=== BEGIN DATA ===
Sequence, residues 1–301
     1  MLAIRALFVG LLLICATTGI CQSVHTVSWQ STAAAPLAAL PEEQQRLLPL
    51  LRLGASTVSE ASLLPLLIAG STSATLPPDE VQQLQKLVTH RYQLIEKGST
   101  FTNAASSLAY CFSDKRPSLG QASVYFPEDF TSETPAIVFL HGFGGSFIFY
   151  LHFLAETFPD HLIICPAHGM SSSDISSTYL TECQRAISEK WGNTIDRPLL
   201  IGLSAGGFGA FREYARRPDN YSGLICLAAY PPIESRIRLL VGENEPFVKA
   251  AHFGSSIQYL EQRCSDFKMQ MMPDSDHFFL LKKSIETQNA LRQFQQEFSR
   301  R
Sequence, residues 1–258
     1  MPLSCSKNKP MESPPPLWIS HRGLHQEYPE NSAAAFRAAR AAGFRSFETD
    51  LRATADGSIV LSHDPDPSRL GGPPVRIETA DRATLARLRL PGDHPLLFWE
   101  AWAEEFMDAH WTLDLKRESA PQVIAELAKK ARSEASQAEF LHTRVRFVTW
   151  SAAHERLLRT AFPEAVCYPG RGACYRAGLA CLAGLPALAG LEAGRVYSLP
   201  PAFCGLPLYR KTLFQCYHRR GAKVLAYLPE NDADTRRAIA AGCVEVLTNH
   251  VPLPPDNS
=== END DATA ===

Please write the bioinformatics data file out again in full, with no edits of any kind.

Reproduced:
Sequence, residues 1–301
     1  MLAIRALFVG LLLICATTGI CQSVHTVSWQ STAAAPLAAL PEEQQRLLPL
    51  LRLGASTVSE ASLLPLLIAG STSATLPPDE VQQLQKLVTH RYQLIEKGST
   101  FTNAASSLAY CFSDKRPSLG QASVYFPEDF TSETPAIVFL HGFGGSFIFY
   151  LHFLAETFPD HLIICPAHGM SSSDISSTYL TECQRAISEK WGNTIDRPLL
   201  IGLSAGGFGA FREYARRPDN YSGLICLAAY PPIESRIRLL VGENEPFVKA
   251  AHFGSSIQYL EQRCSDFKMQ MMPDSDHFFL LKKSIETQNA LRQFQQEFSR
   301  R
Sequence, residues 1–258
     1  MPLSCSKNKP MESPPPLWIS HRGLHQEYPE NSAAAFRAAR AAGFRSFETD
    51  LRATADGSIV LSHDPDPSRL GGPPVRIETA DRATLARLRL PGDHPLLFWE
   101  AWAEEFMDAH WTLDLKRESA PQVIAELAKK ARSEASQAEF LHTRVRFVTW
   151  SAAHERLLRT AFPEAVCYPG RGACYRAGLA CLAGLPALAG LEAGRVYSLP
   201  PAFCGLPLYR KTLFQCYHRR GAKVLAYLPE NDADTRRAIA AGCVEVLTNH
   251  VPLPPDNS